The fire at the New Zealand International Convention Centre on Hobson Street in central Auckland is now in the overhaul and recovery phase, with fire crews still working on the site
Fire and Emergency New Zealand says firefighters are now pulling bits of iron and roofing materials out and damping down hotspots, and the investigation has commenced.
A large crane will be placed on Nelson street on Saturday morning. The fire responders hope to have this removed by Monday.
Auckland Emergency Management will continue to monitor the situation over the weekend, supporting Fire and other agencies.
Auckland Council, Fire and Watercare worked closely to begin removing water, accumulated during the firefighting response, from the basement of the New Zealand International Convention Centre safely. Read more about this work and where the water is being discharged here.
OurAuckland sat down with resource consents specialist Paul Crimmins to talk about air quality and clear the air on some misconceptions about smoke and air testing. Read Paul's interview here - including a video where Paul talks about which parts of the city centre were affected most.
City open for business, plan your travel
Road closures and bus diversions remain in place throughout central Auckland and motorists are advised to expect delays over the weekend.
Advice from Auckland Regional Public Health Service
Smoke from the Sky City Convention Centre fire has got into many nearby apartments, offices, shops and other buildings. Smoke particles and smell can persist inside buildings and some people’s health may be affected by eye and nose irritation or worsening asthma, breathing or heart conditions.
Babies and young children may be most exposed to pollutants on surfaces. This is because they spend most time in contact with floors and put their hands in their mouth frequently.
When there is no further smoke, people should plan to improve air quality inside their building as follows:
- Open windows and doors to bring in fresh air.
- Clean air conditioning unit filters.
- Building managers should clean air filters and ventilation systems.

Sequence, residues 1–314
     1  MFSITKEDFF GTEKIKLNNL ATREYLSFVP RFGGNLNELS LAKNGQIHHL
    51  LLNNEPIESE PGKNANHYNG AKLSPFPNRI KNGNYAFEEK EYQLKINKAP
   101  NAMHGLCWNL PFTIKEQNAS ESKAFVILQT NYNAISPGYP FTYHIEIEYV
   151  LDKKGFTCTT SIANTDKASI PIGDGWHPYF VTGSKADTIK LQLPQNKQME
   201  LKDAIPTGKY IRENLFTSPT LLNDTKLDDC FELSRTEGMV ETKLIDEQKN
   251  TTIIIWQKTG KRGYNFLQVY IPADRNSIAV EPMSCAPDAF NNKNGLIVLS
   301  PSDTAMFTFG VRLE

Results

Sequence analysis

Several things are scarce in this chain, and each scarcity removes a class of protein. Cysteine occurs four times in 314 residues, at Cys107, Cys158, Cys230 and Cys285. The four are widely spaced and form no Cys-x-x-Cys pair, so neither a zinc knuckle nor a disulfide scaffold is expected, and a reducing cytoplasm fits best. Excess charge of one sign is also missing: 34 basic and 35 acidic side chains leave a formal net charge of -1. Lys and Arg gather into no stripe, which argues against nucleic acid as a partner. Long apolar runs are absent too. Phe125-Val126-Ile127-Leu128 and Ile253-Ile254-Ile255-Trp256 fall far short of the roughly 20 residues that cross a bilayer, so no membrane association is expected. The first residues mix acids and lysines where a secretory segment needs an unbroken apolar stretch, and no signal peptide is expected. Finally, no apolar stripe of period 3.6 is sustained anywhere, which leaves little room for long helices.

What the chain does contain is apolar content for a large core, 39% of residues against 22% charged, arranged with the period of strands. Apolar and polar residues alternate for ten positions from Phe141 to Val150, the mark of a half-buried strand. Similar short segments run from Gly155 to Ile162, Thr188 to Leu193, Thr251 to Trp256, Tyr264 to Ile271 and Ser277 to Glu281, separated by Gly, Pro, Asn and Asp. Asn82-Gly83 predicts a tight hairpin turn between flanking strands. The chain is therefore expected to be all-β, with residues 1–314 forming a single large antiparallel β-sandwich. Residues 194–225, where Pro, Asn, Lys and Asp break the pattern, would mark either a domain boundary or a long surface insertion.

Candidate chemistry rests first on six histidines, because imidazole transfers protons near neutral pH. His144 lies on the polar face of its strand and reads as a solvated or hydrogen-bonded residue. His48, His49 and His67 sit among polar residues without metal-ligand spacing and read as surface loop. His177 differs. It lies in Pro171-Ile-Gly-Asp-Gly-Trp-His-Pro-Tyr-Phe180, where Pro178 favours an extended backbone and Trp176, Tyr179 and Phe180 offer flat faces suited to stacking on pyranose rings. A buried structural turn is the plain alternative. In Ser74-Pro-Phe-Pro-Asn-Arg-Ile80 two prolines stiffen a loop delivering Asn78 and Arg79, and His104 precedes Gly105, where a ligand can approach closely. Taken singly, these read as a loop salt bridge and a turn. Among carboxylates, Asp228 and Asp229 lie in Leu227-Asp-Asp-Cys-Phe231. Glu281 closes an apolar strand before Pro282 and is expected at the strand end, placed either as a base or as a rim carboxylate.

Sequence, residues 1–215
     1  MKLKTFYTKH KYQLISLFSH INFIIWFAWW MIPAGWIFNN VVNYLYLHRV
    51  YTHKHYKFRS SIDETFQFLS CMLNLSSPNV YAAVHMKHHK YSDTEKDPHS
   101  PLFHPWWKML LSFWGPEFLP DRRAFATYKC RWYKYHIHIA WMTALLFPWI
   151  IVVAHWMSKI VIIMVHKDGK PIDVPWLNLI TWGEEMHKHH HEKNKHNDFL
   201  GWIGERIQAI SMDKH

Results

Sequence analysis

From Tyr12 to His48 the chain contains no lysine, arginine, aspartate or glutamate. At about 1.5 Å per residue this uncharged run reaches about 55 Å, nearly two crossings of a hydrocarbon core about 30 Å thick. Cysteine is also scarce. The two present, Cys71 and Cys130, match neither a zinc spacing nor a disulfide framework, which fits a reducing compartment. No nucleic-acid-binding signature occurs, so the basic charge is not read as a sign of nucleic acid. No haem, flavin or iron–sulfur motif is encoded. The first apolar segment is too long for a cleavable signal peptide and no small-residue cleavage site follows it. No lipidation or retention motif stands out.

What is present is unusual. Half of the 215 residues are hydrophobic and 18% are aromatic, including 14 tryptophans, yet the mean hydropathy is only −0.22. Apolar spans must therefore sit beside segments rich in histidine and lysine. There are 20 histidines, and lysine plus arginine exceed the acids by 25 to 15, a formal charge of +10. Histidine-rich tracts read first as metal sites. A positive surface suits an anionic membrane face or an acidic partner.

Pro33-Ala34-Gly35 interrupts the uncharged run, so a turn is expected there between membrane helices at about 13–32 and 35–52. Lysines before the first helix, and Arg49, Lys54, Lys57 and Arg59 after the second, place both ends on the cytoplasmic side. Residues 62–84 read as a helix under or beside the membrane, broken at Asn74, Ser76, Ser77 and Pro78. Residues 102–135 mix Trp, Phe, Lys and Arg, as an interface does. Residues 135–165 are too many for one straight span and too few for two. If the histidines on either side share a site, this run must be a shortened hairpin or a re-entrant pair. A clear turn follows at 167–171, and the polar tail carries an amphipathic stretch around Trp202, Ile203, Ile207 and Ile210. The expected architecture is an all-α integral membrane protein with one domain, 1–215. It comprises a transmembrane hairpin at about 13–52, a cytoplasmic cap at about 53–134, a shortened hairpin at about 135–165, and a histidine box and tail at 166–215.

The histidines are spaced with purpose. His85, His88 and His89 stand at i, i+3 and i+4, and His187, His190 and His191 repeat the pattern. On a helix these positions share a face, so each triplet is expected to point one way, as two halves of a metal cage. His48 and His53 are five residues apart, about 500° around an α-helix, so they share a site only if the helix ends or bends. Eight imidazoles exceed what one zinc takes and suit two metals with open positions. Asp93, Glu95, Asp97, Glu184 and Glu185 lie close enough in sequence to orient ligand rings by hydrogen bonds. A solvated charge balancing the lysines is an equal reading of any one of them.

- Wash down railings, balconies and decks, and wipe down any outside furniture and objects with a damp cloth.
- Clean filters and covers of outdoor pools.
If your house smells of smoke
- Ventilate your house by opening windows and doors to let in fresh air.
- Vacuum clean (including upholstery), preferably using a cleaner with a HEPA filter.
- Wash hard surfaces, food preparation areas and any cooking utensils left out with detergent and hot water.
If you experience any acute effects from the fire such as difficulties breathing, wheeze, cough or chest pain, you should seek assistance from your GP or call Healthline on 0800 611 116 for free, 24-hour health advice.
In healthy people, most symptoms disappear soon after exposure to smoke ends, and cause no long-term health problems.
Read Auckland Regional Public Health Service's latest advice for city residents and building managers here.
Individuals and families are able to access the Ministry of Social Development's (MSD) standard suite of hardship assistance to help with food, rent, power, doctors’ visits and other essential and immediate needs.
MSD is working closely with MBIE and the Auckland Chamber to understand the type of support that is needed to support those businesses directly affected by the fire. Businesses can seek advice from the Auckland Chamber, visit the Chamber's website for contact details.
Business as usual at Auckland Council
All Auckland Council essential services are running as normal.
The council's corporate property team has been monitoring the impact on its buildings in the central city and carried out flushes of air conditioning systems. Most council buildings were operating as normal on Friday with limited use of Te Wharau o Tāmaki / Auckland House at 135 Albert Street, the council building that is closest to the fire site.
Advice for pet owners
If you live in central Auckland or surrounding areas and have pets please take the same precautionary measures you would take to prevent breathing in smoke.
- Bring pets indoors and make sure they stay out of smoke
- Birds are particularly sensitive to smoke
- Keep windows closed
- Shut down external ventilation if smoke is being drawn into your building
Animals that have heart disease, asthma or other lung conditions, and dogs and cats that are brachycephalic (very short noses such as pugs) are at greatest risk of harm from smoke inhalation and should avoid exposures.
Contact your local veterinarian if you have any concerns.